When the Sun Goes Down…

As daylight starts to ebb, Maxine returns to the boarding house to get ready for her scene with Jackson in the barn, during which Pearl watches through the window and imagines Maxine looking back at her, as if flashing back to the days she was not only young and beautiful but desirable as well. She puts on makeup (similar to the blue shadow Maxine wears) and a dress more than likely acquired during her younger years as a dancer. Then there’s a cut to creepy dolls- a nod to, well, take your pick of creepy dolls in horror. Pearl returns home to Howard, as Bobby-Lynn sings “Landslide” back in the boarding house living room. The two living room scenes give us yet another parallel, as Pearl begs to be the object of Howard’s desires again, and Bobby-Lynn describes the outdated tradition of love as Lorraine sees it. Lorraine surprises everyone by wanting a scene in the movie (with Jackson, to be specific) to be more than someone just carrying equipment. RJ hesitates and, suddenly, the double standard of “being free” with sex works for some, but not for him.

Fear the Reaper

RJ is the first victim to fall into Pearl’s killer’s clutches. He believed a drive would soothe the sorrows of his girlfriend being bodily involved with another man on film. Instead, he meets Pearl outside of his truck, where she tries to seduce him and fails. She then stabs him in the neck- naturally. And repeatedly. As the cast is picked off one by one, with the exception of Lorraine, whom Howard initially locks in the basement of the farmhouse until she is released by Maxine and eventually killed by Pearl. In the end, when Pearl realizes Maxine is going to kill her, she decides she’s nothing special after all and tries to shoot her, but her plan backfires as the rifle (our “unloaded” weapon, per Howard) knocks Pearl back off the porch. This hallway face-off can also be seen in movies like Texas Chainsaw Massacre and even Scream (1996). Throughout the nighttime scene, there are references to other movies, a personal favorite being when Jackson finds a half-submerged car in the pond, an obvious yet delightful nod to Hitchcock’s 1960s horror classic, Psycho, and the first-person point of view shot of Pearl entering Maxine’s room.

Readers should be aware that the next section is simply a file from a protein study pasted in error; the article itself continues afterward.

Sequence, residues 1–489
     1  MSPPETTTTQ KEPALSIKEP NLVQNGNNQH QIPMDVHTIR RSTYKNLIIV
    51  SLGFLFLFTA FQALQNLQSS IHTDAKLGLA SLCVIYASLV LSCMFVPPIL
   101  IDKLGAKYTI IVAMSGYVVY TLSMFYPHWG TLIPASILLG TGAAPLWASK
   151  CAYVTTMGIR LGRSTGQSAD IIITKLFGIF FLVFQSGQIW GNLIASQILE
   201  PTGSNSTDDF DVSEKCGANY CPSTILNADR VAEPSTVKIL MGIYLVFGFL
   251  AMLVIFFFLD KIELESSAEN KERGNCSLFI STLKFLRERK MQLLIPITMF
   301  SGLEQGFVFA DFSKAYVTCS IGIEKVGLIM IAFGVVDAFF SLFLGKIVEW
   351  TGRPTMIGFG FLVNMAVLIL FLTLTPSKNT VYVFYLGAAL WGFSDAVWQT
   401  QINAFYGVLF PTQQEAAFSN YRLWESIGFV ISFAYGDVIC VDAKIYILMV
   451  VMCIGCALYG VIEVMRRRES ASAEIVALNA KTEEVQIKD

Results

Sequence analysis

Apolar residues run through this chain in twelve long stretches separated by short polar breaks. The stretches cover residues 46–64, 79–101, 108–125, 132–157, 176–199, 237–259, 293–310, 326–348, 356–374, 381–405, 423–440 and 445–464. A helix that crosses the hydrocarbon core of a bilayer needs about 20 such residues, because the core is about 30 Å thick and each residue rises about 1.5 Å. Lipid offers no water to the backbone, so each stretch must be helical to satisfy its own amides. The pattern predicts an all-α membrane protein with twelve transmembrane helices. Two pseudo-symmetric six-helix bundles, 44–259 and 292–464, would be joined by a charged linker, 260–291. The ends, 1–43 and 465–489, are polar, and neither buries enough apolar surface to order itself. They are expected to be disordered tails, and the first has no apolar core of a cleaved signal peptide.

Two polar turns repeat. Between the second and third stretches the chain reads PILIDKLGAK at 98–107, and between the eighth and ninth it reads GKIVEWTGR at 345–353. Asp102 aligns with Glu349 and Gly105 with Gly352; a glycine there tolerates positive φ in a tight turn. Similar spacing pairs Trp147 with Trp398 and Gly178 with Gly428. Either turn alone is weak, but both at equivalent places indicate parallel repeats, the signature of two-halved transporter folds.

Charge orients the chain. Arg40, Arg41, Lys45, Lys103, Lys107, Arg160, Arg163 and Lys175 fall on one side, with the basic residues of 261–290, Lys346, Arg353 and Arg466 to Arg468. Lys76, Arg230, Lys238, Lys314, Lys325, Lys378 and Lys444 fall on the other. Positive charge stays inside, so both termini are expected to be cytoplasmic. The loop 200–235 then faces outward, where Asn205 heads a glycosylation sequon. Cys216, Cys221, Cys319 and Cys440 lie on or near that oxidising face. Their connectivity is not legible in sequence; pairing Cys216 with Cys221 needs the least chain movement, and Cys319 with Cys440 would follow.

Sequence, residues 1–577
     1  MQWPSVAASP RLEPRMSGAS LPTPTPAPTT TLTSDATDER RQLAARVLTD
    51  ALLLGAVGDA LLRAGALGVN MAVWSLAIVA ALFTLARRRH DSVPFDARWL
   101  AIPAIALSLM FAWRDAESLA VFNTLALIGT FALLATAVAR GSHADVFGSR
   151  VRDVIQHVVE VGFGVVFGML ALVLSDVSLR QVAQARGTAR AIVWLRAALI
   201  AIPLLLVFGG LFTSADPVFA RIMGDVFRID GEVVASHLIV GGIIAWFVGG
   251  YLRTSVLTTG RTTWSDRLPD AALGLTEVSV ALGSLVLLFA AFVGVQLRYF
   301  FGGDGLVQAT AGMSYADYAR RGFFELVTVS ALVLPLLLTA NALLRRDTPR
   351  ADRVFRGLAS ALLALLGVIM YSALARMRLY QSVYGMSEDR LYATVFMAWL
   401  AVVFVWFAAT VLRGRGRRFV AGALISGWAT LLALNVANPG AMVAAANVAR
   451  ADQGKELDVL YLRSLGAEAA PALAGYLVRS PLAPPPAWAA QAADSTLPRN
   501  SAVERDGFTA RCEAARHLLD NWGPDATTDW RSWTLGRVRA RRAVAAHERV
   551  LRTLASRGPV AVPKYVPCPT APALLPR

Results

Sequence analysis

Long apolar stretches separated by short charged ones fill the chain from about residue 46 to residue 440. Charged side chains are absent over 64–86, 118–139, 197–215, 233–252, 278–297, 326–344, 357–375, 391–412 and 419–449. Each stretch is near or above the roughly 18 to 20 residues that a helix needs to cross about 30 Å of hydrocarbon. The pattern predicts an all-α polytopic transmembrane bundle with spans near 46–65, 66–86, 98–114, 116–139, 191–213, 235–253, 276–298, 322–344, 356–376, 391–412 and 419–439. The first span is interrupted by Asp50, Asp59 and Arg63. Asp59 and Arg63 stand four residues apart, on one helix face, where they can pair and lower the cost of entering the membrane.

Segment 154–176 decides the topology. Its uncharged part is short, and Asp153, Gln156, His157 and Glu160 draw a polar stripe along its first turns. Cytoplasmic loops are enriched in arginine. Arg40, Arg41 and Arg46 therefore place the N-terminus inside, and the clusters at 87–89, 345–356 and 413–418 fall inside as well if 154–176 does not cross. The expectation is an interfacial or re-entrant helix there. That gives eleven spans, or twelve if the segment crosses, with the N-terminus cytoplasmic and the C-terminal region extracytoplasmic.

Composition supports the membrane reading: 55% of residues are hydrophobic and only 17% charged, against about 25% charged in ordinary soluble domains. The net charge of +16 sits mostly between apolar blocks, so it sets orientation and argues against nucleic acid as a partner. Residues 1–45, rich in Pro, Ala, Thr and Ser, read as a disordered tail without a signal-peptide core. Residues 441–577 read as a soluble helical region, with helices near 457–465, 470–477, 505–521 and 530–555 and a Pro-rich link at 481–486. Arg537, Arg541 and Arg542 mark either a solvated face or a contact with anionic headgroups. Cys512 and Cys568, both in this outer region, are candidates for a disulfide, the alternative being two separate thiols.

Conclusion